Really? This has to be the one time you want to take the stairs?
In January I was home from my capacity development job in Afghanistan. My then boyfriend Alex, came over from Scotland where he was also on leave from his job in Afghanistan. I say then boyfriend because Alex is now my husband. We got married in the coffee shop on Main Street. I was testing out leggings and Injinji socks for my thru hike which is set to begin on April 11, 2016, a Columbia travel skirt, some black boots with fake fur on the rims and some comfy black sweater or jumper as Alex would say in his cute Scottish accent. Alex had on jeans. We are not the fashionista types. More the, “Hey let’s do it!” types and the coffee shop just happened to do it.
Anyway, after we got married and Alex had met some of my family then we drove a rental down to Savannah, Georgia so we could spend some time with my son Peanut Head, which was awesome! I love my son so much and he loves it when I call him Peanut Head! Not really but I get a pass because I cried when he asked me not to call him Peanut Head ad reminded him I was in labor with him for a whole hour!
I was hoping he would join me for a few days on the AT during my hike. That is not going to happen for a few reasons. One, he is the only guy I know who got himself shipped home from an Outward Bound trip in Colorado because the staff were afraid he was going to die. Two, he hates the outdoors and three, like he told the guy at the Verizon store when asked if he was going to hike along with me, “Umm, do I look like the outdoorsy type?” He is overweight and not particularly interested in doing much to change it.
While in Savannah we did a bunch of the ‘things to do in Savannah’ things. We stayed in a haunted hotel (but saw no ghosts), visited the squares, Jere’s Antiques, City market, and River Street. We ate at The Crab Shack, the Pirates House, and Clary’s (three days in a row) and the MidTown Deli, which is awesome by the way!
While in Savannah, I introduced Alex to his first American sports/outdoors store. We went to The Bass Pro Shop. He fell in love! We also went to Dick’s and Fleet Feet so I could get my new Brooks Cascadia trail shoes. He got to go to Cabbalas on the way home to Ohio too. He is so glad we decided to live in the U.S. instead of Scotland.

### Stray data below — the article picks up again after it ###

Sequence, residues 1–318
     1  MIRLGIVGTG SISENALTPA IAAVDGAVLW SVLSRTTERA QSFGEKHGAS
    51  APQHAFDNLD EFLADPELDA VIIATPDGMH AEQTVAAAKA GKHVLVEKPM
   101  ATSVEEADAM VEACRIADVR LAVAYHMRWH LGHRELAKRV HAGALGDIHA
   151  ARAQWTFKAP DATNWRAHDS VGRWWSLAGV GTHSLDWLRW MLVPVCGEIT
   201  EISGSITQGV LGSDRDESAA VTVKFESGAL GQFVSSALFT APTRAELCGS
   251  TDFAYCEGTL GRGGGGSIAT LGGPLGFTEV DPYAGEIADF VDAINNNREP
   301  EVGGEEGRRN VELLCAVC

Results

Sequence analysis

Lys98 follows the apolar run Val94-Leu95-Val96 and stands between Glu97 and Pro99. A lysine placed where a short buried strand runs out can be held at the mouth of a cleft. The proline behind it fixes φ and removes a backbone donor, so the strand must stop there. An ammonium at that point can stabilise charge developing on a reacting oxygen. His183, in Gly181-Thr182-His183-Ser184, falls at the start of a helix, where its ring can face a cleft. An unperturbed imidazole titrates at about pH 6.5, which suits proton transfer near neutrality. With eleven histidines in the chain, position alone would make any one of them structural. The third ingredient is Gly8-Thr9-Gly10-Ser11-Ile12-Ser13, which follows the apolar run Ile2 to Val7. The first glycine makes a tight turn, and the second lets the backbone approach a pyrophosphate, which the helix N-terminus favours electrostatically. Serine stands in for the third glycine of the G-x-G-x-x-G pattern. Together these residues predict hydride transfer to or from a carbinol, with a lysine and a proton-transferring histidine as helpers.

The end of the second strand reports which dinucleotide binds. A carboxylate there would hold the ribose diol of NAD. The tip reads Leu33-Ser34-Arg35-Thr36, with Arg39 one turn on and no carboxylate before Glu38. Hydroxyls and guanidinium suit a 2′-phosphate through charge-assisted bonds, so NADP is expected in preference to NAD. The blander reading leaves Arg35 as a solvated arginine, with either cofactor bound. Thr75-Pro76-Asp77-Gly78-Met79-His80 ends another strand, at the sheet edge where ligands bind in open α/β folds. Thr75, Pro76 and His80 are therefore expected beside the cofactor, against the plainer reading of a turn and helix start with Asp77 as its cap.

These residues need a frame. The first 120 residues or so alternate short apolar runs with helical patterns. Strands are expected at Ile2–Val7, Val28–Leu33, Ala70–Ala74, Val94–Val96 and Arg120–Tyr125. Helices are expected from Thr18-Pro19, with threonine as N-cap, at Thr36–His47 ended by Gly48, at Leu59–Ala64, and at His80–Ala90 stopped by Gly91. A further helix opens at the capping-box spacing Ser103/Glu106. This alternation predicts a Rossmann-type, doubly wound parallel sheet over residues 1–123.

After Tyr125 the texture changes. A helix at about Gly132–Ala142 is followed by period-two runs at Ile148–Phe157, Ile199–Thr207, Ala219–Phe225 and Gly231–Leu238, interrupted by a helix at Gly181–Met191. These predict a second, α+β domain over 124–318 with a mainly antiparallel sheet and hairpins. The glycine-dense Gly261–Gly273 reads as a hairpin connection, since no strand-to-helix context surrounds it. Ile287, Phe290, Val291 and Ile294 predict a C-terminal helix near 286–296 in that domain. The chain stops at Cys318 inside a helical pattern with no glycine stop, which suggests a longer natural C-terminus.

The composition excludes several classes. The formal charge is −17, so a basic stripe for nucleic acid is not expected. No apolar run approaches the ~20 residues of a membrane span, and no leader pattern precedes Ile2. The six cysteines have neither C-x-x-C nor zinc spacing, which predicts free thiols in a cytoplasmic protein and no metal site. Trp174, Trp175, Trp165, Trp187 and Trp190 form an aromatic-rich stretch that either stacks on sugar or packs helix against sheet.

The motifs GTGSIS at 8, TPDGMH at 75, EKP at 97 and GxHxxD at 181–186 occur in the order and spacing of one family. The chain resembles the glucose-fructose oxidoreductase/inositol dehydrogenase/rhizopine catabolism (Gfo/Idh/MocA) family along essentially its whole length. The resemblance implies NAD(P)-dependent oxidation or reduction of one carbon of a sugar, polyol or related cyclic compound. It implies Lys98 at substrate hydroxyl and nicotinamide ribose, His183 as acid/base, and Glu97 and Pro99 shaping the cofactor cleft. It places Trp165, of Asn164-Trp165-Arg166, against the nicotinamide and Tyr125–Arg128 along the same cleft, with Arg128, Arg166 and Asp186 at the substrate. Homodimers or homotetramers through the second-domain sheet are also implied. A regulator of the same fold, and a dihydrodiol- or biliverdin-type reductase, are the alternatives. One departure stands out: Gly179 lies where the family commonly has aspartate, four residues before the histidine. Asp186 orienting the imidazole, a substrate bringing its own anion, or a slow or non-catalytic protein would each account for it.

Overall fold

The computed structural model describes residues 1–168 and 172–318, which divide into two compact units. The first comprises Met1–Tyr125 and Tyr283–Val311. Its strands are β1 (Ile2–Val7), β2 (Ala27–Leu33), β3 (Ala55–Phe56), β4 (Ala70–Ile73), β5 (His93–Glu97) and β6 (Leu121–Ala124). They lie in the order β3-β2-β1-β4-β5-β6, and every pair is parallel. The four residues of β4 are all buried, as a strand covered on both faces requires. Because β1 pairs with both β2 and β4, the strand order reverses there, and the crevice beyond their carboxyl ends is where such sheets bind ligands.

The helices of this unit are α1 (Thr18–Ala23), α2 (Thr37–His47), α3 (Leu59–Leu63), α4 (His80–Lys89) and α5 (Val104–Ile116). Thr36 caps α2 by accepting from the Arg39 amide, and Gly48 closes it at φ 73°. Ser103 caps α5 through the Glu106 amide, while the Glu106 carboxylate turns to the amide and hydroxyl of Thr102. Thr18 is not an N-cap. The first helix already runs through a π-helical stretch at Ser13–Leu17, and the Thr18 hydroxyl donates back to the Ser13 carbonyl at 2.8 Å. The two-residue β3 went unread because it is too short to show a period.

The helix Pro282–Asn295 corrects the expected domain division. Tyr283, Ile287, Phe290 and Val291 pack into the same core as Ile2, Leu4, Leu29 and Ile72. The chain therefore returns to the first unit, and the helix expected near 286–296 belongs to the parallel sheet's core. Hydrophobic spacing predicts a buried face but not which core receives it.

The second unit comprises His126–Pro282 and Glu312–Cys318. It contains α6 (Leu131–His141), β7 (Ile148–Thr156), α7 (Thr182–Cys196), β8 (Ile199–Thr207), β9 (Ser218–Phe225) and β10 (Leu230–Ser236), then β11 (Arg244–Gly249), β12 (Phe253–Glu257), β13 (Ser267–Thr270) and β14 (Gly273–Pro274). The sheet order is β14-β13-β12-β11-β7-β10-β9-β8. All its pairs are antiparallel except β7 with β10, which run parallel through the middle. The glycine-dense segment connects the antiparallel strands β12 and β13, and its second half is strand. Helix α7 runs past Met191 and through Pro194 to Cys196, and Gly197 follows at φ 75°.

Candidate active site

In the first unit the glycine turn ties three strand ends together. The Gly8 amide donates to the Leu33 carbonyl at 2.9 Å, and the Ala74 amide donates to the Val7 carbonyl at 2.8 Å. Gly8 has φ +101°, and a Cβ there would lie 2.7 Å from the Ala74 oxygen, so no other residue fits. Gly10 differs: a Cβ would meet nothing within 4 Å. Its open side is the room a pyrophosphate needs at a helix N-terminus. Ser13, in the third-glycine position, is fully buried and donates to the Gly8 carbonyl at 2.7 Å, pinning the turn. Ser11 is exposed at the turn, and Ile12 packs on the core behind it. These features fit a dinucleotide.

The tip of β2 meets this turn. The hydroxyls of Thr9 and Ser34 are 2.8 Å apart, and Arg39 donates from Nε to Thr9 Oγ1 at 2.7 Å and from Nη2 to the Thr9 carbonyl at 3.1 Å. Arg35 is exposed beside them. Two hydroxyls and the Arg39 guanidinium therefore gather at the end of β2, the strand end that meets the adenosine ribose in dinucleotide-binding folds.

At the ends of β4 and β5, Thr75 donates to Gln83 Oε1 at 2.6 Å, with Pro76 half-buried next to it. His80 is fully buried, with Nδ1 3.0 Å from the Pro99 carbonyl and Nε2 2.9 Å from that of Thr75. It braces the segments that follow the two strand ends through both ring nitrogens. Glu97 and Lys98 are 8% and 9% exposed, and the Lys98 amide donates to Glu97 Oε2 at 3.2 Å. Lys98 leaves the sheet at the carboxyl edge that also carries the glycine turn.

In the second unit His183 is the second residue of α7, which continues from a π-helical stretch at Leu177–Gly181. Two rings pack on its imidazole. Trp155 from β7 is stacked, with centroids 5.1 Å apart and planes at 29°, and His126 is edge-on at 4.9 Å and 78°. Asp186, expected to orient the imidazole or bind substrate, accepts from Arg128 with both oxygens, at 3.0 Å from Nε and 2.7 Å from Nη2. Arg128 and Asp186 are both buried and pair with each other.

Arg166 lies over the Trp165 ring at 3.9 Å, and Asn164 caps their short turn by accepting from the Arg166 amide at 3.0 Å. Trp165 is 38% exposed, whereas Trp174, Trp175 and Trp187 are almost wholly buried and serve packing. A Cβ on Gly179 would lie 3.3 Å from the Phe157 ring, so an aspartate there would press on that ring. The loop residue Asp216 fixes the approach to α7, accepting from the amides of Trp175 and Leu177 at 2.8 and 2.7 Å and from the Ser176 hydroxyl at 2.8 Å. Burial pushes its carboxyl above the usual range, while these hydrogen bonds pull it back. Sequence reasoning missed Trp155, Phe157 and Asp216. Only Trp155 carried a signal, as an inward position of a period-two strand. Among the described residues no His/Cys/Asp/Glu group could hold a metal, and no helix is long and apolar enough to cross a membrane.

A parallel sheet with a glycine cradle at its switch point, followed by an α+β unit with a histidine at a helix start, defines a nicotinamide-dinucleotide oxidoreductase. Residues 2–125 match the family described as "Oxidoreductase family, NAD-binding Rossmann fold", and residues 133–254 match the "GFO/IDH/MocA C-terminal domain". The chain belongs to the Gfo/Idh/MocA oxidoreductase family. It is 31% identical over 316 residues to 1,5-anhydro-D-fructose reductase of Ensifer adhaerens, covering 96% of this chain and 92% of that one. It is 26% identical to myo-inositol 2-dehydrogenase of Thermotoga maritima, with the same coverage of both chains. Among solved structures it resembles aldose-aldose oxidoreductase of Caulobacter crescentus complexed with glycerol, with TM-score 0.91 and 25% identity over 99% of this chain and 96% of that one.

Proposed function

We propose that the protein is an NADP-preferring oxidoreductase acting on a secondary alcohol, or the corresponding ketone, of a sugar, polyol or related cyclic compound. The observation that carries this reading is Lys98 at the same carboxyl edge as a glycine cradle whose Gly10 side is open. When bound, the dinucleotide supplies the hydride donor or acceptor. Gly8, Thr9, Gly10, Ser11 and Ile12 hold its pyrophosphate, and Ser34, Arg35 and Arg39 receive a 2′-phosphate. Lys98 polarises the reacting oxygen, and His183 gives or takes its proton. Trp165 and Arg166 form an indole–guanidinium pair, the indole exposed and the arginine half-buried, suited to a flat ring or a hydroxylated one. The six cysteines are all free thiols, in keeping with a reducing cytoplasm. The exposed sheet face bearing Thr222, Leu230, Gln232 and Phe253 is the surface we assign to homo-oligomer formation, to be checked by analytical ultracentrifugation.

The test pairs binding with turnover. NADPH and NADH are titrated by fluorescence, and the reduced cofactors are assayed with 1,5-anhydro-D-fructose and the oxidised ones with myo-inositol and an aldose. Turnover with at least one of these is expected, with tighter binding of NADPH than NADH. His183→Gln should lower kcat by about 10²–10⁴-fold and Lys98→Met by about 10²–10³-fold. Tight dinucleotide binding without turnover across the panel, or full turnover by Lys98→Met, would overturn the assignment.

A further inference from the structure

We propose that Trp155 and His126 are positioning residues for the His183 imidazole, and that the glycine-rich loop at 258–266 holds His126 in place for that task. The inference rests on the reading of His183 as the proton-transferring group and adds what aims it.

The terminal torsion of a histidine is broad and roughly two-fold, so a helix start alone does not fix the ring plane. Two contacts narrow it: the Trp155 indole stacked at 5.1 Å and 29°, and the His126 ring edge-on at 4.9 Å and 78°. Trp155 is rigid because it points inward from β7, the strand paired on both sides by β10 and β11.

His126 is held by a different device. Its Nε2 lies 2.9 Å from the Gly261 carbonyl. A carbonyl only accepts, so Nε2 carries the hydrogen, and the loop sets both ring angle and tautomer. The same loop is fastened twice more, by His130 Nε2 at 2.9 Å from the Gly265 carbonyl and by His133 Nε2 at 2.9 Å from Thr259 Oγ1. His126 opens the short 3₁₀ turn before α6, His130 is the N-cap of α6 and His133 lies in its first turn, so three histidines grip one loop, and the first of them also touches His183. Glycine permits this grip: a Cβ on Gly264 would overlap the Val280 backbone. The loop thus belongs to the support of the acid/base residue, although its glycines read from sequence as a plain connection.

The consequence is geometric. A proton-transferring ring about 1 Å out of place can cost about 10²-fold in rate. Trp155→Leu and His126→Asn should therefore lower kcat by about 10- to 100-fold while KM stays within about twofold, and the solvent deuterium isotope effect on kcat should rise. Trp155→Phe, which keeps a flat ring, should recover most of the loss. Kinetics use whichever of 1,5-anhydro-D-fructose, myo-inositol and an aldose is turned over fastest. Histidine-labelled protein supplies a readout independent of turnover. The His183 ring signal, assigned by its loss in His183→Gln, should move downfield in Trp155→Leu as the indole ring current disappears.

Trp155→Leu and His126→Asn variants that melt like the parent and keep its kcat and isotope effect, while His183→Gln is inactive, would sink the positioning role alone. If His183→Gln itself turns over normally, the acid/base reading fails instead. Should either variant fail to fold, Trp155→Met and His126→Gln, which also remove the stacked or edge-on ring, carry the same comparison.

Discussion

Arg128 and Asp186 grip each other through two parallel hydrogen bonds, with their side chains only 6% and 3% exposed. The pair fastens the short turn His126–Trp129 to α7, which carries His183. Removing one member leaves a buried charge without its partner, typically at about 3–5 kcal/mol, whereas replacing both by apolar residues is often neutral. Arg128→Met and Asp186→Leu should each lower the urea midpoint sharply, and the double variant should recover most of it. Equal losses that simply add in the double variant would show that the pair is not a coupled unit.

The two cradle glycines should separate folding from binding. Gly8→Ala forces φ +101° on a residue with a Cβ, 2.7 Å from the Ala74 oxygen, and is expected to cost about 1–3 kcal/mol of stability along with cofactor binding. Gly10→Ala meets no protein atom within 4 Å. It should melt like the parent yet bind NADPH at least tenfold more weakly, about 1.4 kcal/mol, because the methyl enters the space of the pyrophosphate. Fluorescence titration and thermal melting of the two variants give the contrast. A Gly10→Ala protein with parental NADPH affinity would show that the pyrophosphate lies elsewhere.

After leaving Savannah we were supposed to go to Washington D.C. to see people we worked with in Afghanistan but there was a huge storm going up the East coast so what else were we supposed to do but go West, and what just happens to be West? Why Springer Mountain of course!
So, off we drove to Amicalola Falls Lodge. We called and made reservations for two nights while driving. This turned into three nights because we were having so much fun and decided to do the whole Appalachian Approach Trail. The first day we bundled up and headed out to hike down the Amicalola Falls Trail. We went down a lot of stairs which we subsequently had to climb back up totaling around 850 steps.
Anyway, when we got to the bottom of the trail we ended up at the Amicalola Falls State Park reception center. Behind the reception center is the famous archway, the beginning of the Appalachian Approach trail that leads to the actual beginning of the Appalachian Trail at the very top of Springer Mountain. We were so lucky because we got there just in time to watch Greg finish his Appalachian Trail Flip-Flop hike! How lucky is that? He looked really cold. His parents were there to meet him and there wear tears all around as we took some family photos for them.
We were so excited! I am sure they thought we had serious mental issues, well me at least anyway. I kept thinking about my upcoming hike and wondered what I will feel like when I take my last steps at Katahinin State Park in Maine when I reached the end of my hike next October.
We left Greg and his family to climb back up the steps. Our excitement overflowing, we decided we needed to stay an additional night at the Lodge and hike up the AT Approach Trail, right up Springer Mountain. While at the front desk, extending our stay by a day, we told the man at reception our plan. He said the weather is not great and there is no way we could possibly get up and back down the trail in one day, no way. Boy did he say that to the two wrong people. If it weren’t before, it was set in stone now! We were going up! We turned from the desk and Alex headed once again to the elevator, which he had insisted we use every single time we went up to our room.
Me: “Alex, we are only one floor up remember? We can take the stairs.”
Alex: “Hmmm…the elevator works good too.”
So, the next morning we were up early looking out the window over the valley at the beautiful morning. It had stopped snowing and the sky was clear. We went down to breakfast where we ate way too much food figuring we would hike it off and besides we needed fuel, then back up to our room, in the elevator of course.
We got dressed to head out. Even though we had not planned on a day hike of approximately 15 miles we had a surprising amount of appropriate gear to wear. I got to test out my new Brooks trail shoes, Injinji sock liners, Darn Tough Vermont Women’s 1/4 Cushion socks, Frogg Toggs Women’s All Purpose Rain Suit, Columbia’s Women’s Anytime Outdoor Boot Cut Pants. Alex got to see how his swede boots would do on the trial (surprisingly again, they did really great)! Bundled up in layers, off we went. We were quite determined that we were going to make it all the way up and all the way down in one day just to prove to the man behind the desk we could.